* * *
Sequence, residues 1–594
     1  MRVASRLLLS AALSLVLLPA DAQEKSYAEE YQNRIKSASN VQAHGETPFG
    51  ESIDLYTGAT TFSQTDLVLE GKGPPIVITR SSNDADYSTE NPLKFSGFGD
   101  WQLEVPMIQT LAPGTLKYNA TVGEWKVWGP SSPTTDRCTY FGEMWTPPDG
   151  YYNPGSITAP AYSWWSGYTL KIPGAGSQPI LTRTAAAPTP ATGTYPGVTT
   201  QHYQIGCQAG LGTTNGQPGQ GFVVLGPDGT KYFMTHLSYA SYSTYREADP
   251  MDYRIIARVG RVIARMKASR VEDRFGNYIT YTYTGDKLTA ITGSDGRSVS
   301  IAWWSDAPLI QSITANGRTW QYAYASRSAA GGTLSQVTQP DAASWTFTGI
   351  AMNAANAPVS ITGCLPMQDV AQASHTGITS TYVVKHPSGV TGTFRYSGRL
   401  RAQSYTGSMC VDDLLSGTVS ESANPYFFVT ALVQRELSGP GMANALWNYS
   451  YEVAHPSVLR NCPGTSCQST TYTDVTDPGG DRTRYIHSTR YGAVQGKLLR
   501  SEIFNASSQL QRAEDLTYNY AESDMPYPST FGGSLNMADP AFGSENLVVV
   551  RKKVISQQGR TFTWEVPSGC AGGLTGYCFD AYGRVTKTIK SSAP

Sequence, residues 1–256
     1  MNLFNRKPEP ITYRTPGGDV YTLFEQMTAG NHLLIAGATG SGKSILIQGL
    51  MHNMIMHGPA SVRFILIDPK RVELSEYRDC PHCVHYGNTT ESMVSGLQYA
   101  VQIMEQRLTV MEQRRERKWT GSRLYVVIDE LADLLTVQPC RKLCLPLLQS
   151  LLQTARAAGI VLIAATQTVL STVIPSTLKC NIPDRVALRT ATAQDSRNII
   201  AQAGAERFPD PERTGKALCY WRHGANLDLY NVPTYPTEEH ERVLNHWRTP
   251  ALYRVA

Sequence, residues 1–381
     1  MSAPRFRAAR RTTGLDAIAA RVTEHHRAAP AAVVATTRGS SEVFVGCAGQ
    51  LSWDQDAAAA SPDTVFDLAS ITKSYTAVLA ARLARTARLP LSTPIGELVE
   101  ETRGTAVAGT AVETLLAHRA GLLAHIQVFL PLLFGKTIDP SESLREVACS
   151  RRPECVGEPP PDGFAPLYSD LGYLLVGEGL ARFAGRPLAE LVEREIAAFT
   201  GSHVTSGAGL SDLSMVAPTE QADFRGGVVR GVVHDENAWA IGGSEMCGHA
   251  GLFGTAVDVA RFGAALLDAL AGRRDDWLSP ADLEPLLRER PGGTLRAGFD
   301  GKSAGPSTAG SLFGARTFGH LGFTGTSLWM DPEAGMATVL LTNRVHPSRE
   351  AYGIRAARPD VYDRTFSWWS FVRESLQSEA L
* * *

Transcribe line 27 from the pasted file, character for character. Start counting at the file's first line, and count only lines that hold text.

   251  GLFGTAVDVA RFGAALLDAL AGRRDDWLSP ADLEPLLRER PGGTLRAGFD